As I introduced in my last article, where we explored the variance among open source components, distros, and forks, open source software and modern application development can be equated to baking. This analogy allows us to explore potentially complex topics through the more familiar lens of one’s unique take on popular recipes. This time, I’d like to explore the task of selecting your ingredients; a process which all great bakers are keenly focused to get right, or risk spoiling the dish entirely.
Ingredients are finicky things; some are all natural and some are synthetic, some can serve as reasonable substitutes for others (in a pinch), nearly all go bad after a certain period or under certain circumstances, and bad ingredients can put the people who eat your confections in serious risk. These poetic analogs to open source components should help you understand why it’s important to evaluate the components you and your software development teams incorporate into your applications, and fully understand their potential risks. Let’s explore further.
You’ve likely heard the old adage: one bad apple can spoil the bunch. I grew up in a place known for its apples, and it’s certainly true that my apple pies taste better with fresh apples, although that may be my subjective opinion. Sometimes, when I get my produce from a store, I’ll read the advertisements for the “organic” foods, touting their aversion to pesticides or fertilizers for their “inherent risks.” Moreover, the next time you enter your favorite grocery, look for a bulletin board alerting you of recent recalls or bacterial advisories, and the “risks” associated with the modern grocery supply chain may become a little more apparent.
Along these lines, open source components can have security vulnerabilities; some are more severe than others. It’s important to understand if there are any vulnerabilities in the components you select, because when those components get baked into your applications, they can be potential open doors for attackers. Depending on the source or origin of that component, you may get notified when they’re discovered, or you may not. As an example, components from Red Hat or Apache may yield helpful alerts when vulnerabilities are discovered, or when patches are available to remedy such vulnerabilities. Components from community-driven development groups may not have such proactive alerting, making it your responsibility to your users to identify and fix these risks, whether you have the support of the community or not.
In other words: it’s important that you have a way to identify the vulnerabilities that may be present in the components you select, how you will discover new risks as they emerge after you’ve baked them into your applications, and how you will get your developers the information they need to fix those issues. After all, there may not always be a recall issued on those bad apples in your pie.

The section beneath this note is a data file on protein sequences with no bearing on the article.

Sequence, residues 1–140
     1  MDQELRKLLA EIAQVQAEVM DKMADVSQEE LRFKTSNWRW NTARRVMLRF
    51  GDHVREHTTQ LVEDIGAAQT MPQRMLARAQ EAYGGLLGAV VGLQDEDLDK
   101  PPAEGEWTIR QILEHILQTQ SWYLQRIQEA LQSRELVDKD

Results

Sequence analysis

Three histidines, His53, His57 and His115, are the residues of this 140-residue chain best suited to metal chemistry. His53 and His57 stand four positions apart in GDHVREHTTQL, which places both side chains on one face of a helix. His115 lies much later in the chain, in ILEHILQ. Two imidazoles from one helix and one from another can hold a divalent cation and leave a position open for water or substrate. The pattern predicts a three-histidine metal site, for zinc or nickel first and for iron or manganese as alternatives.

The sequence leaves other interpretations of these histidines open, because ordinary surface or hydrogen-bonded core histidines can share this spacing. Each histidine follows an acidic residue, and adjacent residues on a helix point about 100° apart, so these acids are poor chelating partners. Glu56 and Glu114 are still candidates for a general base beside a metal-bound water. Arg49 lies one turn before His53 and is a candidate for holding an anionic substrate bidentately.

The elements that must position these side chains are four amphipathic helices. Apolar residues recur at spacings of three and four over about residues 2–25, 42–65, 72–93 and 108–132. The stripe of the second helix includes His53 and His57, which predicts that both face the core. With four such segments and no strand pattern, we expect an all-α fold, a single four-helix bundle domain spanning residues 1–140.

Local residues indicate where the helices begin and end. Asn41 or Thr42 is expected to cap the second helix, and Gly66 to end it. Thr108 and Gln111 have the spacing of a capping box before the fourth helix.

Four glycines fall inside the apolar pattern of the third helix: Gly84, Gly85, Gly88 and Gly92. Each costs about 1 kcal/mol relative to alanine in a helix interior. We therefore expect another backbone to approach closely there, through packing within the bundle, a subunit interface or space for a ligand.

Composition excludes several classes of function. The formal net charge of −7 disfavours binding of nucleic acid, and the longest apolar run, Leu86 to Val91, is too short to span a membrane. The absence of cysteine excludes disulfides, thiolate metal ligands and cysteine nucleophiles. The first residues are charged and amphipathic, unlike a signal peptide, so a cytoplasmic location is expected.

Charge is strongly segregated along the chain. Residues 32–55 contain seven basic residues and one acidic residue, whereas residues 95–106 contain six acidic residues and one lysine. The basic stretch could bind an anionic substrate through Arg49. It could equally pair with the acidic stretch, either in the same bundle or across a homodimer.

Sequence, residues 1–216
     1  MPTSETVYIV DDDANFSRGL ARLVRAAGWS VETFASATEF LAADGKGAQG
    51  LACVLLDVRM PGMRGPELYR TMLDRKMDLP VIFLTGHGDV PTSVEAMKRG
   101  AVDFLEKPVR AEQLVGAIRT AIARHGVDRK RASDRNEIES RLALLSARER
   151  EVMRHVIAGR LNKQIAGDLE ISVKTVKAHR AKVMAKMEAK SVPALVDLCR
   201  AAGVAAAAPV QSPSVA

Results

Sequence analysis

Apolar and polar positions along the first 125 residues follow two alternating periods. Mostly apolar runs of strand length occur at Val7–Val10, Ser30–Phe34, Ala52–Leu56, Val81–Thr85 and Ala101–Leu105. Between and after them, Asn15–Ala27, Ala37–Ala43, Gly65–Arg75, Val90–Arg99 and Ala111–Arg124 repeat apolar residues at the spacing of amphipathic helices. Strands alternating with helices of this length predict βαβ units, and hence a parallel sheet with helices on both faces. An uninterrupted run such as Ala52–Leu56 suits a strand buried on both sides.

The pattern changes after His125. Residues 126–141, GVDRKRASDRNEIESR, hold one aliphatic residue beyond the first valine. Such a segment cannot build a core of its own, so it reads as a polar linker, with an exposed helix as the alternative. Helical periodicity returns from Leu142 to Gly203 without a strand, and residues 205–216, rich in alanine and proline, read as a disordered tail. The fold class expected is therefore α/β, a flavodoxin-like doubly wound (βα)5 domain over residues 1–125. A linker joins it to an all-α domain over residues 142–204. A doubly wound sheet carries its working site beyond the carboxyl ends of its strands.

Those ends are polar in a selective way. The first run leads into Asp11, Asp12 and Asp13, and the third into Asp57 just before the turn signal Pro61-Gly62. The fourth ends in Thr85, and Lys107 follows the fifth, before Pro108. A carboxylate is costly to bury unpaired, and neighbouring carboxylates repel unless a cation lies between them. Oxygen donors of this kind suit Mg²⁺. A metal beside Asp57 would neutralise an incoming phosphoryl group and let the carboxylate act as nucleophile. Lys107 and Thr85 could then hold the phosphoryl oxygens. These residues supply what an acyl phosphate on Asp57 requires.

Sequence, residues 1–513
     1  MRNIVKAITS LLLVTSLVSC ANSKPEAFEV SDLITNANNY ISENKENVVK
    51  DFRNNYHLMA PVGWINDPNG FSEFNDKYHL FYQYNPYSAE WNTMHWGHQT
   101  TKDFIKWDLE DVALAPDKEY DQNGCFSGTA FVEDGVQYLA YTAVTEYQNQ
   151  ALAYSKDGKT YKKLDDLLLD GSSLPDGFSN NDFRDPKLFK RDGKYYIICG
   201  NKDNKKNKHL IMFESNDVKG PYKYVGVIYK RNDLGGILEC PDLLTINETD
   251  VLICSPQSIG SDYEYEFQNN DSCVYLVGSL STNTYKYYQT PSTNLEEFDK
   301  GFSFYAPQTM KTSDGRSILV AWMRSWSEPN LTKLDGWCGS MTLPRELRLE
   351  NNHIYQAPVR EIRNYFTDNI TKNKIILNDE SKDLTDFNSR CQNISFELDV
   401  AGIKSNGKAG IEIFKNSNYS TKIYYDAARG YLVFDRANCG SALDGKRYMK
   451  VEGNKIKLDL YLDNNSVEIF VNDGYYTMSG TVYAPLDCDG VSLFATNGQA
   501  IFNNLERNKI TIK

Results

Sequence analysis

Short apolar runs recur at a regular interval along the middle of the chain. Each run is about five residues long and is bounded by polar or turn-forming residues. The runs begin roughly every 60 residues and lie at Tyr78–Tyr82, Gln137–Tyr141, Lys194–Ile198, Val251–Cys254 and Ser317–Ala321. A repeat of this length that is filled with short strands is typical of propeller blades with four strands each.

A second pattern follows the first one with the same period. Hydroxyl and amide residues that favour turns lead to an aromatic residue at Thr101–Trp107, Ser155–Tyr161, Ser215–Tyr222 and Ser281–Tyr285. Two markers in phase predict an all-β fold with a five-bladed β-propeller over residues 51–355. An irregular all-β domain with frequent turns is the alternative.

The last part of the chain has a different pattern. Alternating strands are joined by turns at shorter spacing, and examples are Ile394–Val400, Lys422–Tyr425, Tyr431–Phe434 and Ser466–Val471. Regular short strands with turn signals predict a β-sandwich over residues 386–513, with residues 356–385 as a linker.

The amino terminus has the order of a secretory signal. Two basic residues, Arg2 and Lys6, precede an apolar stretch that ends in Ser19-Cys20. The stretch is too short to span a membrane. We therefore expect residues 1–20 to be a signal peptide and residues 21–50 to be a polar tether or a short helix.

Sometimes, a recipe may call for Crisco, while others call for shortening. Perhaps the recipe calls for Cool Whip, instead of a whipped dairy topping. Perhaps you purchase items from a bakery marked “not for retail sale”, or maybe you’ve been known to snag a free promotional sample as you walk through the store. In any event, recipes which call for brand name ingredients, or represent a brand’s special confections, are attributing some amount of success to the brand itself. When you prepare the baked goods, per the recipe, you may be free to share them without giving credit to the brands involved, or you may be obliged to attribute your success to the specific brand names included (e.g., remember the Grandma’s Cookies example I gave in my last article).
While we could equate a software component’s brand to its source or distro (e.g., Red Hat Linux), in this analogy, we’ll say that a component’s “brand” is upheld and enforced by any one of the various licenses that could be associated with them, whether it derives from a commercial open source project or a community-driven one. The licenses commonly fall into two broad categories (with many potential nuances that blur the line between them): permissive licenses, and restrictive licenses. Permissive licenses generally (although not always) place fewer and lighter restrictions and requirements on the use of the components, with which the licenses are associated. Restrictive (often referred to as copyleft licenses) often place more stringent restrictions and requirements on the use of the associated components.
There are thousands of license variants out there. We’re simply exploring the notion that you must understand the requirements established by the licenses applicable to the open source components within your software, since license violations can cause legal headaches, cost you money, or put your intellectual property at risk. Moreover, some licenses conflict, adding a layer of complexity to your software development practices as you bring in more and varied open source components from a wealth of sources.
In other words: Ensure you and your developers have a way to identify licenses associated with the open source components you use, and a way to measure the risk of license conflicts or non-compliance. If you don’t, you many find yourself in a legal battle against Grandma when you try to sell her Pecan Sandies at the local bake sale.
- Discover how CxOSA helps organizations secure and manage open source within their mission-critical software.
- Enhance Your Software Security with SAST and SCA.
- Learn how a single-vendor, platform-based solution for SAST and SCA can drastically reduce your TCO and TTM.
*** This is a Security Bloggers Network syndicated blog from Blog – Checkmarx authored by Steven Zimmerman. Read the original post at: https://www.checkmarx.com/2019/09/24/understanding-your-software-ingredients/